German Council of Economic Experts proposed in the Annual Report 2011/12 a European redemption pact: 184. With their resolutions of 26 October 2011 the governments of the member states made a renewed strong effort to steady the monetary union. At the same time, the Italian government has undertaken to implement additional structural reforms over and above the consolidation measures already decided, in particular as regards labour law and pension insurance. The package now resolved is no definitive solution to the euro area’s problems. But it offers politics a window of opportunity in time that it must use consistently in order to create an overall policy framework for the euro area characterized not only by sound government financing but also by a stable financial system. This is not to advocate overly hasty measures. The key contribution to stabilizing the markets must come from the problem countries themselves by coherently implementing the austerity packages announced. The key contribution to stabilizing the markets must come from the problem countries themselves by coherently implementing the austerity packages announced. Together with the increased clout of the EFSF it should then be possible to steady market confidence in euro area government finances. This should initially be prioritized.

186. However, in particular under more unfavourable economic conditions and given the increasingly uncertain political situation in Greece there is no excluding that investor uncertainty will nevertheless persist and make what is not an easy task of consolidation all the more difficult. In the event of such an unfavourable scenario, the strategy pursued since last year of gradually expanding the EFSF would come up against its limits. There would then be the threat either of the uncontrolled break-up of the EMU or of the ECB’s unlimited purchase of securities, which would be very dubious.

187. In the event that the now resolved strengthening of the EFSF proves to be insufficient despite on-going efforts by the member states to consolidate and reform, a model should be tested that on the one hand hinges on more extensive support than the EFSF and on the other includes far more stringent mechanisms to reduce government debt. The model for a “European redemption pact” outlined below is a conscious departure from the practice hitherto of covering debts by ever greater debts by setting out a binding repayment plan that (alongside the binding introduction of national debt caps) will be secured by the currency reserves of the member states and taxes specifically foreseen for repayment.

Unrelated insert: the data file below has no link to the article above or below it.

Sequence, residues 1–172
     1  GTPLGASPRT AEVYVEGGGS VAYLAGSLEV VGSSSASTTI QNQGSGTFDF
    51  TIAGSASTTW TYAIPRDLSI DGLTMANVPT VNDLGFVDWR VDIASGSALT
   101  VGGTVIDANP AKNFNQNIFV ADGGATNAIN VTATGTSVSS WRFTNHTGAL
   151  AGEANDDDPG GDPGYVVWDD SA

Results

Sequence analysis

188. Under the European redemption pact, debt amounts above the Maastricht reference value of 60 per cent of GDP would be transferred to a common redemption fund subject to joint liability. A consolidation path would concurrently be laid down for each country under which it would be obligated to autonomously redeem the transferred debt over a period of 20 to 25 years. This is roughly equivalent to the debt reduction rule contained in the Stability and Growth Pact (SGP), which stipulates that excess debt above the 60 per cent ceiling must be reduced at an annual rate of 1/20. The debts that remain exclusively with the participating countries would be additionally limited by the introduction of national debt brakes. To stabilize the European financial markets, the redemption pact offers euro-area member countries the possibility of covering their current funding needs (for the redemption of outstanding bonds and new borrowing) via the redemption fund until the credit facility is fully utilized. As existing debts are thus not transferred to the fund all at once but instead successively over a roll-in-phase of around five years, this would provide strong incentives for fiscal discipline. Thereafter a country's outstanding debt level would comprise− debts for which it is individually liable amounting to 60 per cent of its GDP, and− debts that, at the time of the transfer, exceed the reference value of 60 per cent of GDP and are transferred to the redemption fund. These debts are likewise redeemed by the individual country. The transferring country bears the primary liability and the redemption fund a secondary liability.
In this way, in the years that follow (roll-in-phase) the redemption fund would accrue bond holdings of about € 2.3 trillion. Germany would account for 25 per cent of the portfolio, placing second behind Italy with 41 per cent. Other important borrowers of the redemption fund would be France, Belgium and Spain (Chart 32, page 108).

189. Key features of the concept are that there would be an upward cap on the amount of the debt in the redemption fund after the roll-in-phase and that, in addition, each country is obliged to redeem its own debt over a period of between 20 and 25 years. The joint liability during the repayment phase means that safe bonds would be created by means of which the European financial system could be stabilized until the national bond markets regain sufficient functionality. The transfers to the redemption fund would have to be structured in a way that ensures that the transferred debt is indeed paid down over a period of approximately 20 to 25 years. At the same time it must be ensured that:

− the establishment of the redemption fund is and remains an exceptional episode of limited duration, and